If you would like a FREE copy of of my George Washington {A FREE Writing Craftivity}, click on the picture.



Mardi Gras Freebies
Mardi Gras falls on February 9th this year.  Most of my students do not know what Mardi Gras is.  So I like to do a little something in class for my kids to learn about the traditions involved with this holiday.
We'll have read some books, have some kings cake, and make these Mardi Gras Kids spelling art projects to display in the hall.


We will also do some Mardi Gras themed word problems in math using my Mardi Gras Math {A FREE Math Mini Book}.


If you would like to have a FREE copy of either of these activities to use with your students, click on the pictures.


February has so many fun learning opportunities.  I hope some of these freebies will be useful to you as you start planning for next month.
Thank you for stopping by and thanks to Doodle Bugs Teaching for hosting Five for Friday.
Have a great weekend!




Sunday, January 24, 2016

Put On Your Hat and Mittens: Literacy Activities with Jan Brett's Classic Winter Stories



Hi Friends.
All this snowy weather really puts me in the mood to enjoy some Jan Brett books with my class.  She is one of my favorite authors and illustrators.
On our short week returning from Christmas break and the next short week (due to snow days), we read The Mitten and The Hat.  We used these two books as jumping off points for some Mitten and Hat inspired literacy activities.
We, of course, had to compare and contrast these two stories.  We worked as a class to brainstorm a list of ways these stories are alike and how they are different.  Students completed their own Venn diagrams using our class list.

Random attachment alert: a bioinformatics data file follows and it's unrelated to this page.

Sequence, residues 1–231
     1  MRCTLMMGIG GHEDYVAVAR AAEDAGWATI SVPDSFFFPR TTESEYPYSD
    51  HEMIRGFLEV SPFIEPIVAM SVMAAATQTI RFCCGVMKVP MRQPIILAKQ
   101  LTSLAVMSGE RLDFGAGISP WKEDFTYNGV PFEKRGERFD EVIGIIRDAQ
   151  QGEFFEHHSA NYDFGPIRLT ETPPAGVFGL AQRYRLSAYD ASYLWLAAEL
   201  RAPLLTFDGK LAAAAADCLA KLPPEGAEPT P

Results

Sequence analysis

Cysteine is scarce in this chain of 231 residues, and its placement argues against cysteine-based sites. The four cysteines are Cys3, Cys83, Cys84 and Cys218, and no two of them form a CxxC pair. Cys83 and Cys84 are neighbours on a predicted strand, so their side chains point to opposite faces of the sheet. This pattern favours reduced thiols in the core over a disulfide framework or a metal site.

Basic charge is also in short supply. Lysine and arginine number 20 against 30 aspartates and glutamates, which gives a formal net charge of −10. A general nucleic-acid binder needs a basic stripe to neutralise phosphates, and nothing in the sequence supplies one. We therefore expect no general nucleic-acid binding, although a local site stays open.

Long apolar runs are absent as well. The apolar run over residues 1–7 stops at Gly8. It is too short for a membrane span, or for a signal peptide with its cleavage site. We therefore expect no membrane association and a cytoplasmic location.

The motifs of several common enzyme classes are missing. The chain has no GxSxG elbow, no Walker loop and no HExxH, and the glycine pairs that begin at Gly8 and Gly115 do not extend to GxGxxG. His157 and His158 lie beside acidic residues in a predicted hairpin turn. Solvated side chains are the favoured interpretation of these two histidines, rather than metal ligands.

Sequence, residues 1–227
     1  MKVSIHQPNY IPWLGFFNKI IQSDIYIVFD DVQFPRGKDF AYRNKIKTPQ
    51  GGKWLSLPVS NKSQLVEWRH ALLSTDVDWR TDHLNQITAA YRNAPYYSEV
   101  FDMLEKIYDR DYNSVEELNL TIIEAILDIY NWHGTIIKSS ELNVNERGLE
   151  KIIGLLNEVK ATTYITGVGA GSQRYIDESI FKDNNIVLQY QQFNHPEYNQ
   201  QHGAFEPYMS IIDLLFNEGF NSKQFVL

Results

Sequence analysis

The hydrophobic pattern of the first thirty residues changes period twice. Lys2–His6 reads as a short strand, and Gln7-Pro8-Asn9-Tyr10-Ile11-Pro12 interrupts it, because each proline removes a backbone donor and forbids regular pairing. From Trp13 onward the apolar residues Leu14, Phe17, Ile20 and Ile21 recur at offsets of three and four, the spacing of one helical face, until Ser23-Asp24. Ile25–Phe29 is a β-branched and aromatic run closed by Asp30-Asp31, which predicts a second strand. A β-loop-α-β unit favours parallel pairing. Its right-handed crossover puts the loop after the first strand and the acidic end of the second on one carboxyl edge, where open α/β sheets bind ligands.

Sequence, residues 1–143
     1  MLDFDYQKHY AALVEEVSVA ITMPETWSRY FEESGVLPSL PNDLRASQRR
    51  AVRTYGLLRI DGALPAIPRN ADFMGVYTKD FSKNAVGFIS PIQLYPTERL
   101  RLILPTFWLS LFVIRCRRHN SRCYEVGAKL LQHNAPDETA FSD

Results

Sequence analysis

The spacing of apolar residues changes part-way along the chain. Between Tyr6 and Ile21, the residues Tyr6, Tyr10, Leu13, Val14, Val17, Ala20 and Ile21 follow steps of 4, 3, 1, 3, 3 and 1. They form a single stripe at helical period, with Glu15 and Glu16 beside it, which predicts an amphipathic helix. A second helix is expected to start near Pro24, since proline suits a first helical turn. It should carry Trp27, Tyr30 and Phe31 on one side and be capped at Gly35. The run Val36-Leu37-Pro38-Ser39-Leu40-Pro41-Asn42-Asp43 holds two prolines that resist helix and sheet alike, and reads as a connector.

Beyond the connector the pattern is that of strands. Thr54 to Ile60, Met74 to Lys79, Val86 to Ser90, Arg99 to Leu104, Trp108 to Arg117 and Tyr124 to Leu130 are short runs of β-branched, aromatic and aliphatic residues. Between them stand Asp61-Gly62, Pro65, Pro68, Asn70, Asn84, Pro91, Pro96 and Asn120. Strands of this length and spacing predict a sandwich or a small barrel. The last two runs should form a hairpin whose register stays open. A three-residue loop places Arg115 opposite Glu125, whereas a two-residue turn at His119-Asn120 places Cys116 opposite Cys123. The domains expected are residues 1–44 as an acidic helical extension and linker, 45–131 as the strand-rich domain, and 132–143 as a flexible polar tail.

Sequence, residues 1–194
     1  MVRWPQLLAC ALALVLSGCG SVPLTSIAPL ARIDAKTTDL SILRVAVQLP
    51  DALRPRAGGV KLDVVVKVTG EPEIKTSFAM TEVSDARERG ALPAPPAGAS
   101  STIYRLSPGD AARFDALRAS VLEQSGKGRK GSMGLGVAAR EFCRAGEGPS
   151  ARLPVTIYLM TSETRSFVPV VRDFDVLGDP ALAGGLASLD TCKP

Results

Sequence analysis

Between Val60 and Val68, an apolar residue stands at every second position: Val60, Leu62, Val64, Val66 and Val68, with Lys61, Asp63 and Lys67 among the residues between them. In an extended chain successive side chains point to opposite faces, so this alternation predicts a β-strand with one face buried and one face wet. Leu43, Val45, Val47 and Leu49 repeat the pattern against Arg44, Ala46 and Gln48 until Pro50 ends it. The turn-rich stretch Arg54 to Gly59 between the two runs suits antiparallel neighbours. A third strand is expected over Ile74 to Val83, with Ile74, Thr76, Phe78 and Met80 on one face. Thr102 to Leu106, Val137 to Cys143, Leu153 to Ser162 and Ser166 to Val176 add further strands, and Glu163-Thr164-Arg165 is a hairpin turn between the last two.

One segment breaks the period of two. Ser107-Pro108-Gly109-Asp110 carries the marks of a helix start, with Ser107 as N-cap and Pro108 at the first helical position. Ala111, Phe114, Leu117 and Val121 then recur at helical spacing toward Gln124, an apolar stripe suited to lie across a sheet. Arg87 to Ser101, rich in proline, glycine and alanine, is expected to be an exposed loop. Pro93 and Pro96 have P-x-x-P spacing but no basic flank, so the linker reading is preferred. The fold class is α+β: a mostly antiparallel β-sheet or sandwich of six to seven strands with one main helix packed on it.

After finishing the Venn diagram, students picked their favorite of the two stories.  They wrote about it and explained their choice.  Then, they illustrated their favorite part of their story.
If you would like a FREE copy of these printables, just click on one of the pictures or click here.



Our class just happen to be finishing up our study of long vowel sounds, spelled vowel-consonant-silent e.  I made a Real Word/Silly Word sort with a hedgehog theme to reinforce our work with this pattern.  I printed enough sets of this literacy center for the whole class to work on at the same time in partner sets.
It was a quick little assessment that let me know how well my young learners are reading with this pattern.
If you would like a FREE copy of Hedgie's Word Sort, you can click on the picture or click here.



The Hat influenced our practice with adjectives.  My firsties still have a ways to go when it comes to identifying and working with adjectives.  Any practice that we can get with adjectives is needed.